Often, a records classification scheme is depicted as a directory or hierarchical ‘folder’ structure. It can provide classification to two, three, and sometimes four levels, with terms allocated according to established rules or conventions. The transaction level of the classification scheme may be a mix of transactions, subjects or record types based on the most appropriate way to title the record for searching and retrieval.
Resolving the conflict
The conflict between retaining the classification scheme and a user folder structure is achieved by recognising that there is a separate hierarchy that is reached at the transaction level in a classification scheme. A ‘transaction’ within the functional hierarchy is represented by a business process that will create records either when information is received, or when it is sent out by the service team. These records may be stored in case files or in a series of folders that may be determined by record type (such as correspondence, applications, appeals) or by subject.
Documenting record - keeping requirements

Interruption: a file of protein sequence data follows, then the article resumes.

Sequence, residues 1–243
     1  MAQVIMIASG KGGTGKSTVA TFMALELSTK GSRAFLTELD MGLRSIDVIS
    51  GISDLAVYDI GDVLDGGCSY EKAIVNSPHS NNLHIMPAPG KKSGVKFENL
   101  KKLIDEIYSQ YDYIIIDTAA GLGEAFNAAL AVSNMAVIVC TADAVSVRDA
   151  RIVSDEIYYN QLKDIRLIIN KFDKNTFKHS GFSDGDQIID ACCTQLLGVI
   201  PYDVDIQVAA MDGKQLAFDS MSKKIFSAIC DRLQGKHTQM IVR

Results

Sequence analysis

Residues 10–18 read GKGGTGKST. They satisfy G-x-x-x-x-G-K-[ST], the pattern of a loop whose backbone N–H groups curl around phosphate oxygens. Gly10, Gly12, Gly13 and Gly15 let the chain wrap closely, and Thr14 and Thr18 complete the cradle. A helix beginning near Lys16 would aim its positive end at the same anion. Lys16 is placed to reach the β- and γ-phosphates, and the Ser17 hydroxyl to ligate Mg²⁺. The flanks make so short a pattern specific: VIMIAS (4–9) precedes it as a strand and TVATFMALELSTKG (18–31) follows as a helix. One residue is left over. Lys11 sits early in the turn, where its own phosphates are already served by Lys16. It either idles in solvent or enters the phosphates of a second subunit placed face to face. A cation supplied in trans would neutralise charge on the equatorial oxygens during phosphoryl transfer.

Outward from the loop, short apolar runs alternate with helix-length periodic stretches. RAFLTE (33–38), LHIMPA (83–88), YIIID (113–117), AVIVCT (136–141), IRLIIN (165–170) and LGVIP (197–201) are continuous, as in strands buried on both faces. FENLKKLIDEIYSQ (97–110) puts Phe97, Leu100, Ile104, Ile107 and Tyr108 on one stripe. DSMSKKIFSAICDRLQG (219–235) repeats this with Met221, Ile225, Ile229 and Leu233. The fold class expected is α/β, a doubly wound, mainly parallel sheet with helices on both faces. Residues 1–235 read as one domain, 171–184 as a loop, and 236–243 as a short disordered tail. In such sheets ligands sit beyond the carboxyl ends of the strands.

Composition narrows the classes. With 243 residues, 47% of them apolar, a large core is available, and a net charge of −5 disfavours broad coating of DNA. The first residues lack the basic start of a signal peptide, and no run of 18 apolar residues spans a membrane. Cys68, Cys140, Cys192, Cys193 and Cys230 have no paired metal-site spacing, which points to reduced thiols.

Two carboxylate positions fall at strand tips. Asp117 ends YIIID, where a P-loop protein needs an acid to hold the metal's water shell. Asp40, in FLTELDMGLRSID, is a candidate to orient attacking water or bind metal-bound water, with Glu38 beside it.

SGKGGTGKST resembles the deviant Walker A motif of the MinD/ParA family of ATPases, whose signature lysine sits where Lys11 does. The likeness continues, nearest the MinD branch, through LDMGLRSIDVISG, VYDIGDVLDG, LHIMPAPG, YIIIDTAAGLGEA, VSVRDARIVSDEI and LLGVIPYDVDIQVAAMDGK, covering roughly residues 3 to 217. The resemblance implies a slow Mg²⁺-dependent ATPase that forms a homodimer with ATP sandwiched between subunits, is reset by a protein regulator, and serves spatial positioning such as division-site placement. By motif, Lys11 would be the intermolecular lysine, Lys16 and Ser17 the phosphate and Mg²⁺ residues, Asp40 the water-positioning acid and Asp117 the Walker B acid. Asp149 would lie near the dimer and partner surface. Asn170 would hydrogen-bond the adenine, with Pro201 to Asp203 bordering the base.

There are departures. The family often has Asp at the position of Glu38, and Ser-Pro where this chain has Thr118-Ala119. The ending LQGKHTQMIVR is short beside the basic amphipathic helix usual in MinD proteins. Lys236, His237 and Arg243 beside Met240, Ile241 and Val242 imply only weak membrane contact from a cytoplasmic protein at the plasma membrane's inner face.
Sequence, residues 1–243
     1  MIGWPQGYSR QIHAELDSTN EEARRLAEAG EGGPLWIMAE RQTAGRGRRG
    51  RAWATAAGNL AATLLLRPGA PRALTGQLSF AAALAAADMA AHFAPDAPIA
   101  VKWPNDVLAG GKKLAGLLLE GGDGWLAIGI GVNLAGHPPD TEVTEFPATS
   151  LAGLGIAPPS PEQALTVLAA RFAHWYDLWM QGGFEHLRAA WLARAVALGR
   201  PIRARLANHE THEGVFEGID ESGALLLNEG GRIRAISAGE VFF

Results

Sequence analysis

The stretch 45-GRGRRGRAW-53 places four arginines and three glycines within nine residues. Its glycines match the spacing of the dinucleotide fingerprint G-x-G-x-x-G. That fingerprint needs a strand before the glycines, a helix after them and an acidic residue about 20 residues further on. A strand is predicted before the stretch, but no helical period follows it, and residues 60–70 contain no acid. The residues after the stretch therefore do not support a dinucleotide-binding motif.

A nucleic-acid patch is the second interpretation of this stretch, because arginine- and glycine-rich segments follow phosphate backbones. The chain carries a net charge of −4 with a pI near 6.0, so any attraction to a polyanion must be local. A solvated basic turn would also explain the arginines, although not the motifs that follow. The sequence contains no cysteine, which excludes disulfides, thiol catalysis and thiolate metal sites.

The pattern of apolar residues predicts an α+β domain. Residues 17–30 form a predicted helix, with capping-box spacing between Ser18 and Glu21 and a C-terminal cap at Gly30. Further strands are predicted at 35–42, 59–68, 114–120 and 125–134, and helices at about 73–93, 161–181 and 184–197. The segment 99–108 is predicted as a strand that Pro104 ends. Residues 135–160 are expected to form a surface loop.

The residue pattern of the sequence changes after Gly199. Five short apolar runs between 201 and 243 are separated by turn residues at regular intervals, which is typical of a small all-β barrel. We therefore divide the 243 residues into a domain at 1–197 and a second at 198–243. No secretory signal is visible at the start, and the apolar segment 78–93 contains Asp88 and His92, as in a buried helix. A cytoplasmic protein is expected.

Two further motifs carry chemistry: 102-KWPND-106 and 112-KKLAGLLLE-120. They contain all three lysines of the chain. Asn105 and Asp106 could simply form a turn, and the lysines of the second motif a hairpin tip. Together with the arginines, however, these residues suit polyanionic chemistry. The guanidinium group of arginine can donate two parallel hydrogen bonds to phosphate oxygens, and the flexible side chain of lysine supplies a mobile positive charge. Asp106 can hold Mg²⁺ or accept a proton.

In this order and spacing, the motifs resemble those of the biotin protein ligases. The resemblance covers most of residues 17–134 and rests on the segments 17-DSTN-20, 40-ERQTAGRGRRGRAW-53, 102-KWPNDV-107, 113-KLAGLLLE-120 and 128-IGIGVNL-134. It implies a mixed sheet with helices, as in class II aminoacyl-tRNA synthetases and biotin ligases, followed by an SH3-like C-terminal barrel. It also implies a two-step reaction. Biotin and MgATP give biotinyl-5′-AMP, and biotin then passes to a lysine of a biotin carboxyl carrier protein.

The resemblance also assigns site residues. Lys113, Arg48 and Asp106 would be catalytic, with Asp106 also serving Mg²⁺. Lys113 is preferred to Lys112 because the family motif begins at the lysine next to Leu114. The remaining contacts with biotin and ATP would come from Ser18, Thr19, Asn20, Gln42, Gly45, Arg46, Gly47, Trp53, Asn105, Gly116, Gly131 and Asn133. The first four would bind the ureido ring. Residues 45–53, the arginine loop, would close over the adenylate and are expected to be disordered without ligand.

Most organisations are extremely poor at documenting their record-keeping requirements. This is, at least in part, due to an absence of tools to help the records manager.
The Business Classification Scheme identifies the information that an organisation uses and classifies the records that it needs to manage. This gives a static view of the information that is held. A records management tool also needs to show how that information is used and the processes that receive, transfer and send out information. This is undertaken in Step C of the DIRKS/ISO 15489 method. To undertake analysis of the record-keeping requirements, the BCS must be connected to:
people and their roles within the organisation;
stakeholders and their interests in the organisation;
legislation, regulations, policies and procedures that govern the organisation.
Combining requirements within a tool
A records management analysis and design tool must combine the elements above into a single structure and provide the functions to add, update and report on the information collected.
Used properly, it will provide a thorough audit trail of how the record keeping requirements are reflected in the policies that the organisation implements. It should also be capable of exporting the results into a record-keeping system, whether it is an electronic document and record management system (EDRMS), or a simple Windows folder structure.
Martin Waldron is founder of In-Form Consult (IFC), an independent European information management consultancy group. He can be contacted at firstname.lastname@example.org.